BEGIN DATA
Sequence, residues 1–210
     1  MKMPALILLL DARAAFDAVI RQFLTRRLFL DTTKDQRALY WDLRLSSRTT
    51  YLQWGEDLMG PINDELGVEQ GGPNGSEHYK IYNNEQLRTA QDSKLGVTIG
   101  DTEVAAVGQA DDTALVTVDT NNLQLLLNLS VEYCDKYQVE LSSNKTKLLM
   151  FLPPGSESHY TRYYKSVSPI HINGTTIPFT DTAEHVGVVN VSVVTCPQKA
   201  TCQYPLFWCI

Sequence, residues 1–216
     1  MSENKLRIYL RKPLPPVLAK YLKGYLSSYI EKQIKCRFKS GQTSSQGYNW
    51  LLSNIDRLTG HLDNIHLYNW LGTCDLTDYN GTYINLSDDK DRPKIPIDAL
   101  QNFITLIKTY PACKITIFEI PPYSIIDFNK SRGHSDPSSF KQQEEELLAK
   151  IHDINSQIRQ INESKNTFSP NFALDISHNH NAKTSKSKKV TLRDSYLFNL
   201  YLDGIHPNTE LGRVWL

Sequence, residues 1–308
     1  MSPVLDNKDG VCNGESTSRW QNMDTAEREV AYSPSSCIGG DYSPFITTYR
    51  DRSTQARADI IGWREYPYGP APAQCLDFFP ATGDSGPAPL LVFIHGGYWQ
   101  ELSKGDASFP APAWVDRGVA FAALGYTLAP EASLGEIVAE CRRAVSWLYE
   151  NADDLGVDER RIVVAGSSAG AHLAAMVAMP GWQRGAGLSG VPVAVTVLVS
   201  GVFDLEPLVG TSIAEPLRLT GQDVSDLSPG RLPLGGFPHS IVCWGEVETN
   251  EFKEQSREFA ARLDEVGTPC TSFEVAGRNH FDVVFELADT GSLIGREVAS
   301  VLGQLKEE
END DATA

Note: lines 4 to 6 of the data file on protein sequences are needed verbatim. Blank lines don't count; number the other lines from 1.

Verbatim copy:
   101  DTEVAAVGQA DDTALVTVDT NNLQLLLNLS VEYCDKYQVE LSSNKTKLLM
   151  FLPPGSESHY TRYYKSVSPI HINGTTIPFT DTAEHVGVVN VSVVTCPQKA
   201  TCQYPLFWCI